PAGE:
Anyone interested in NFTs for the first time is likely to stumble across the NFT marketplace, OpenSea, sooner rather than later. When it comes to the secondary market for NFTs, OpenSea is the first name that comes to mind. It is one of the oldest NFT markets, with by far the largest userbase.

But what is OpenSea and how does it function? We’ve got you covered, so continue reading!

The OpenSea NFT marketplace’s history


OpenSea is a platform for minting, buying, trading, and viewing NFTs that was founded by Devin Finzer and Alex Atallah in December 2017. The firm has been compared to a “eBay for crypto assets” or a “Web3 Amazon” in popular parlance.

The new-at-the-time ERC-721 Ethereum standard, which enabled the early NFT applications that laid the groundwork for the sector we know today, was a big influence for OpenSea.

The OG NFT collection CryptoKitties, which had its own specialized trade platform, was another source of inspiration for the OpenSea marketplace. OpenSea was supposed to be a single location where users could manage and trade a range of various NFTs at the time.

It didn’t see much activity for a time and instead concentrated on expanding its platform. That all changed in 2021, when a combination of circumstances such as the growing popularity of NBA Top Shot, Beeple’s historic sale, and the success of CryptoPunks and the Bored Ape Yacht Club propelled NFTs into the mainstream.

What is the NFT marketplace and how does it work?

OpenSea is a peer-to-peer non-custodial NFT marketplace. That implies a few things. For starters, the non-custodial component alludes to the fact that, in principle, the assets on OpenSea are not controlled by a centralized entity (more on centralization issues with OpenSea to come).

The way it works is that smart contracts regulate all of the transactions on OpenSea. As a result, trustless transactions are possible. Anyone with a suitable crypto wallet may also connect to OpenSea and start trading.

The peer-to-peer feature of OpenSea, on the other hand, is due to the fact that OpenSea does not sell NFTs. Rather, it enables individuals or projects to sell NFTs to others. Users may simply manufacture NFTs on OpenSea using a gas-free minting mechanism provided by OpenSea. Regardless, any NFTs from supported blockchains can and do trade on the NFT exchange.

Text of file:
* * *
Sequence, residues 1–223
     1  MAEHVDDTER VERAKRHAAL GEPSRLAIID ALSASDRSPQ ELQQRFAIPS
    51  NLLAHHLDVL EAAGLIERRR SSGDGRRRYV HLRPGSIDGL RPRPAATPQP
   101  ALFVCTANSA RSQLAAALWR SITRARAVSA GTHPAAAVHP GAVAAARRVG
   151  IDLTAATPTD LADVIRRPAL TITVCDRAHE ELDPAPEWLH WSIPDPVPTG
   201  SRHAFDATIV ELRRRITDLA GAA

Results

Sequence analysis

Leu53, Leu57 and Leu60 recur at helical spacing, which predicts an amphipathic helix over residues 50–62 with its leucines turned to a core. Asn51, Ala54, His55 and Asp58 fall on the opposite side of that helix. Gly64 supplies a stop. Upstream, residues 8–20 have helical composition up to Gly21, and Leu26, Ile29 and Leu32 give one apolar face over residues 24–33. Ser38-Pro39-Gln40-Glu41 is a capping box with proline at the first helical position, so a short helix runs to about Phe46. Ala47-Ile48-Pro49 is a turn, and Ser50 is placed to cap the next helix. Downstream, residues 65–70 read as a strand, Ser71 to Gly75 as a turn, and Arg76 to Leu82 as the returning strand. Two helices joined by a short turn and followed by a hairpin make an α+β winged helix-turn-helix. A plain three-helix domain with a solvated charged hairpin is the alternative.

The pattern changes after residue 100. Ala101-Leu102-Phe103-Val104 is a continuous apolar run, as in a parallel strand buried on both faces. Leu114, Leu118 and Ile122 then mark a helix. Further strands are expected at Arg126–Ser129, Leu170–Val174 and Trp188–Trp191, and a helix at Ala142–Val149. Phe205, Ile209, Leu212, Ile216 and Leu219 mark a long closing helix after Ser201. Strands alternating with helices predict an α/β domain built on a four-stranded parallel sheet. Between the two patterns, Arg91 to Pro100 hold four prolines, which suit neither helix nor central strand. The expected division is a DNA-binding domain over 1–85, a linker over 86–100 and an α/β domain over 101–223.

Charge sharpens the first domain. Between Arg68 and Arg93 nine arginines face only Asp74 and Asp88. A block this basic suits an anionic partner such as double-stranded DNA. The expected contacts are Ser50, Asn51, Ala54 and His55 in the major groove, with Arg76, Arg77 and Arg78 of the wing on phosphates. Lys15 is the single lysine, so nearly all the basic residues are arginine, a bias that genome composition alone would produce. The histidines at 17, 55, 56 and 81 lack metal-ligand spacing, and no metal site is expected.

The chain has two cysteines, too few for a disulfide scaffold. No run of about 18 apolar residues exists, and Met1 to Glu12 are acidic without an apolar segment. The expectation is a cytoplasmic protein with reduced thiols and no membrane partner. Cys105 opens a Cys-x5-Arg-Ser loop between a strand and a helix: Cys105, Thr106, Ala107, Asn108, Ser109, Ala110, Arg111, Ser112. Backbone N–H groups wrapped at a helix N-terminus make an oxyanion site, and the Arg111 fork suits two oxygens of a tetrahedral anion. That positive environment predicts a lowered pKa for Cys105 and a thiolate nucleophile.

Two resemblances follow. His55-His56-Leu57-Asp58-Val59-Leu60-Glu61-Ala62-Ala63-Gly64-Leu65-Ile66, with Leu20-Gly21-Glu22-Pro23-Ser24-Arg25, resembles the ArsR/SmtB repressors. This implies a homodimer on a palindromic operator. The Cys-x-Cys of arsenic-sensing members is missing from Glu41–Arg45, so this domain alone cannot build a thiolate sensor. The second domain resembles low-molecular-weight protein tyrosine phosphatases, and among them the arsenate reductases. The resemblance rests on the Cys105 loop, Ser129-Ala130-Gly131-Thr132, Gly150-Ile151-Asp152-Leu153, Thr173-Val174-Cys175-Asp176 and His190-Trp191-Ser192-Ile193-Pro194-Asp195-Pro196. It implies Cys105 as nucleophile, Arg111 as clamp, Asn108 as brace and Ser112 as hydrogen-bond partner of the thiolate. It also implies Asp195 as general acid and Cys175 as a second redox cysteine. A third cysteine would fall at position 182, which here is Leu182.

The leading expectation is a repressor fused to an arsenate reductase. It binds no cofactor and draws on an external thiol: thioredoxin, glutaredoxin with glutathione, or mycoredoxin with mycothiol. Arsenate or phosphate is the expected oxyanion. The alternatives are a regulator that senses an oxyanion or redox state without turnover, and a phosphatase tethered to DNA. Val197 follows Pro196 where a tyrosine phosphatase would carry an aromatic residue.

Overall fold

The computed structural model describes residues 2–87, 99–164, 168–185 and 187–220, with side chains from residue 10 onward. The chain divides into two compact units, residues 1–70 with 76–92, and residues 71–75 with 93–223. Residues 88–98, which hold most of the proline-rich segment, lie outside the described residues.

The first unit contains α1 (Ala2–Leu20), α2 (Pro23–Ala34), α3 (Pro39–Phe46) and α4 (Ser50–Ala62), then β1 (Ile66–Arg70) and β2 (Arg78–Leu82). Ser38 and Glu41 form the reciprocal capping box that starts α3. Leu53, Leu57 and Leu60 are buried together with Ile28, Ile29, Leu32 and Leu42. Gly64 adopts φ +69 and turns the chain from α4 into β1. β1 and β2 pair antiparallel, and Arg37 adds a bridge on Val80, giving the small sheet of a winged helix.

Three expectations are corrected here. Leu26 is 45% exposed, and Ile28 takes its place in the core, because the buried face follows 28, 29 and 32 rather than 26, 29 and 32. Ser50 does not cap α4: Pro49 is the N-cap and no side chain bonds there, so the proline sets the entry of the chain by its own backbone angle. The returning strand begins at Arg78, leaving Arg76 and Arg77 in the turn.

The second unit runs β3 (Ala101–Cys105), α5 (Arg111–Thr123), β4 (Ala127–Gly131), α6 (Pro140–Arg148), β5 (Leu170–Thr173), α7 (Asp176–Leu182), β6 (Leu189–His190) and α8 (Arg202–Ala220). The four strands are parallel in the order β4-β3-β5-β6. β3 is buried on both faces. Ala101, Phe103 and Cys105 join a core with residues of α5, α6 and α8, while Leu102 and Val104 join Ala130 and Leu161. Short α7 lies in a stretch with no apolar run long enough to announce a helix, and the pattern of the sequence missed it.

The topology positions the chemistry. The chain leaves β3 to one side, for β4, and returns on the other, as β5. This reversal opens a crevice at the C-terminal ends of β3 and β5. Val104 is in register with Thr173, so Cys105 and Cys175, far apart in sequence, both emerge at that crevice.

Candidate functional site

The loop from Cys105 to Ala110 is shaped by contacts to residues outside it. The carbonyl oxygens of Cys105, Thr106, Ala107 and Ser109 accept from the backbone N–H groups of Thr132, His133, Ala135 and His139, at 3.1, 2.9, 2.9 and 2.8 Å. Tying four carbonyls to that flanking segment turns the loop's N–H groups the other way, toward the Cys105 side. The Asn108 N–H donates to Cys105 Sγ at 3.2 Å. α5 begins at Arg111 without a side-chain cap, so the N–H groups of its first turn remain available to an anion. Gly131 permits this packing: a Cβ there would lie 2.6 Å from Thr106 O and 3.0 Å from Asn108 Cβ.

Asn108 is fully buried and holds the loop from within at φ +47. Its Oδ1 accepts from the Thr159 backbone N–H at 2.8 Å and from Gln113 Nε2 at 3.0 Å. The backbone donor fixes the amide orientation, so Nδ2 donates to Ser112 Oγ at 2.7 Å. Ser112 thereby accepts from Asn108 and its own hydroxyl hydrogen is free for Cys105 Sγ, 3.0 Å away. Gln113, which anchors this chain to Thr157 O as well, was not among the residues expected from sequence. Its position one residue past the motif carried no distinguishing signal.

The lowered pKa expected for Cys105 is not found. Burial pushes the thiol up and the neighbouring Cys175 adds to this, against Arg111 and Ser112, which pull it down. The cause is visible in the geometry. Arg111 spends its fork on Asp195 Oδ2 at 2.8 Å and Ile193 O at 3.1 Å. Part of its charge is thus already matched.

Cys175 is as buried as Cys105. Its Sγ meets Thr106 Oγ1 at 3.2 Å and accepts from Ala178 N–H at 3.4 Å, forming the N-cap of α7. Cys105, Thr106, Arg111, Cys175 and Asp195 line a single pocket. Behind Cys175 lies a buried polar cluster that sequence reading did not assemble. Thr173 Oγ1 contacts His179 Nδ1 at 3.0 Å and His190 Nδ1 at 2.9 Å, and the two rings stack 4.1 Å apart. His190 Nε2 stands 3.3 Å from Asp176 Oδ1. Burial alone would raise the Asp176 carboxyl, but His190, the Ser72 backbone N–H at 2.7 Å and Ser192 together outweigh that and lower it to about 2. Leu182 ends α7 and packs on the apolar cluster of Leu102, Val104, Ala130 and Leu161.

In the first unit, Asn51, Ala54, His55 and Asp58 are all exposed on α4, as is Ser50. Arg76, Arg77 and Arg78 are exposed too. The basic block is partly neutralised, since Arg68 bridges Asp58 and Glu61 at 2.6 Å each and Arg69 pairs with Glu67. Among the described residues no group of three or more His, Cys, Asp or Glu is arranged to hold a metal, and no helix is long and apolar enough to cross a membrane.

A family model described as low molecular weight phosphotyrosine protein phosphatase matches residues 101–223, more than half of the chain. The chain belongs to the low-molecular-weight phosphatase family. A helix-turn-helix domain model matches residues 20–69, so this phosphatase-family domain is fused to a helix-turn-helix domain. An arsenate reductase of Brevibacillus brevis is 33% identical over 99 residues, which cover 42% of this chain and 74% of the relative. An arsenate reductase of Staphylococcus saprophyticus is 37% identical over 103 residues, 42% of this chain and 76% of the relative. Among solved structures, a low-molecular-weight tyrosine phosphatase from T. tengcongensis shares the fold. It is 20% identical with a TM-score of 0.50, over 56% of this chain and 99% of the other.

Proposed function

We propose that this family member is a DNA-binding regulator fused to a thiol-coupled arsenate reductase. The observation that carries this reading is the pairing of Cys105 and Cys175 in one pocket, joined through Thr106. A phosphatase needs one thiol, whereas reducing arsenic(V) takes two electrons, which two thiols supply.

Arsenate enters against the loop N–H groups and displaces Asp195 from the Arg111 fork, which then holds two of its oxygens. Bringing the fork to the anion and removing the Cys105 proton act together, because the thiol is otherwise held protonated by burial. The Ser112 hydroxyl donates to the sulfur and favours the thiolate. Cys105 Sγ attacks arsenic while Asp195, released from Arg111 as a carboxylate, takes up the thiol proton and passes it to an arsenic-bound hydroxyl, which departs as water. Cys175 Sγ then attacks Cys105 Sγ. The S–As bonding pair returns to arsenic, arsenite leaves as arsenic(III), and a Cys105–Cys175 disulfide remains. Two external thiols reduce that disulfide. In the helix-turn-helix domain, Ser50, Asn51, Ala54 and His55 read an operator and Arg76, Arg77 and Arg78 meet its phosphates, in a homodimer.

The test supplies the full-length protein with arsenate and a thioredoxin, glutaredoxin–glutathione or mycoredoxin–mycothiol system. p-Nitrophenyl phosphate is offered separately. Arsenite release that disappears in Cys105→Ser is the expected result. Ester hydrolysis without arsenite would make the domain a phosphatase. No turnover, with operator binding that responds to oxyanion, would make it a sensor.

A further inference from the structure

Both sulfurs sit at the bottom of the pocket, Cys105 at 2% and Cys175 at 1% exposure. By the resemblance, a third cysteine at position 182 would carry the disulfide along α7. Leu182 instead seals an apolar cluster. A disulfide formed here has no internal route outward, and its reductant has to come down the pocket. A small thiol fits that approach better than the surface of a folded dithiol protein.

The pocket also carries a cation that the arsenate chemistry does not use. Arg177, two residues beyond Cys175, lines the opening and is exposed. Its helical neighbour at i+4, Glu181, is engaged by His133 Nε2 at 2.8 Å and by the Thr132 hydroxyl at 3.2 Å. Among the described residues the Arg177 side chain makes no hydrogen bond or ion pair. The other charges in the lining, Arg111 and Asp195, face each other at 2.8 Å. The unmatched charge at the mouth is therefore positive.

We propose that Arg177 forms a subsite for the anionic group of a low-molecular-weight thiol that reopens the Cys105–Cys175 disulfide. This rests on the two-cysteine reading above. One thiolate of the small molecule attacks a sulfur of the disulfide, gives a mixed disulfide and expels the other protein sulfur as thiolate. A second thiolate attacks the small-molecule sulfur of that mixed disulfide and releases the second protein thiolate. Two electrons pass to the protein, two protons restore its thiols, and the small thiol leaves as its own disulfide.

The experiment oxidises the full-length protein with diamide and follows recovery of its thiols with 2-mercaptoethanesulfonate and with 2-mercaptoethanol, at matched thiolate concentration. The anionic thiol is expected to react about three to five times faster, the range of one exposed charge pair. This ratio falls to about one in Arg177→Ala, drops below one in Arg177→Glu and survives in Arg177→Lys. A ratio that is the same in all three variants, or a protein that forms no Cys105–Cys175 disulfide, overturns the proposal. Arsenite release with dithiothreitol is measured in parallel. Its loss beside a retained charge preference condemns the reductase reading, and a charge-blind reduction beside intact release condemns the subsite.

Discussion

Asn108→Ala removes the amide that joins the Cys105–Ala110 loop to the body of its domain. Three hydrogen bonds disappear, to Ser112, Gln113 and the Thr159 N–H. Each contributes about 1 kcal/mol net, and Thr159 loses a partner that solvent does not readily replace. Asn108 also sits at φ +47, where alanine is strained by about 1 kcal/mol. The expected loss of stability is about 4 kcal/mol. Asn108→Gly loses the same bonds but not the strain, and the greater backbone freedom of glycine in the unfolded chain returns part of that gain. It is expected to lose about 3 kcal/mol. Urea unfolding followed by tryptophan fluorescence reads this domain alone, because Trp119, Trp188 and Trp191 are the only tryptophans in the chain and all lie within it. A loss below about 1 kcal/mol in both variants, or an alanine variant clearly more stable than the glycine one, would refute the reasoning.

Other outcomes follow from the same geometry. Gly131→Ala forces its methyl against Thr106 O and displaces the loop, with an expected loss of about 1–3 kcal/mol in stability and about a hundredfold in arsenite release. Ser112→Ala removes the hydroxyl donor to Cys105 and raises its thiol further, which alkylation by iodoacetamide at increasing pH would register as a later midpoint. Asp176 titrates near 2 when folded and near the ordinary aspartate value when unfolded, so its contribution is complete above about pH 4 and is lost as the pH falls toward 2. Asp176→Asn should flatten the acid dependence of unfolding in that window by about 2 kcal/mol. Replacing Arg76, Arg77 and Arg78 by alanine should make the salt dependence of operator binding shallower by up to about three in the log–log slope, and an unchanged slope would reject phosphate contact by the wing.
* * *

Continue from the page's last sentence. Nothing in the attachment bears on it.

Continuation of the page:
OpenSea, like most online markets, earns money by charging a transaction charge. At current time, the cost is 2.5 percent of the transaction. When compared to some of its rivals who charge lesser fees, this statistic frequently comes up in complaints of OpenSea. Although, to be fair, several other markets charge as much as 15% in fees.

On OpenSea, what types of NFTs are traded?

OpenSea was designed specifically for Ethereum NFTs, the first smart contract chain. The most well-known NFT collections are currently hosted on Ethereum. However, OpenSea has evolved into a cross-chain exchange, with trading on NFTs on the Polygon, Solana, and Klatyn blockchains already available.

So far, OpenSea has dominated the NFT business.

OpenSea tops all NFT marketplaces in all-time trading volume, and is second only to the Axie Infinity marketplace on the Ronin sidechain in terms of user numbers, according to DappRadar’s statistics.

Without a question, OpenSea made good use of its years of foresight. It has been properly positioned for the eruption of NFTs in 2021 since its inception. It created a marketplace that was very simple to use and accessible to anybody who wanted to trade. This contributed to it having a greater adoption rate than other NFT markets.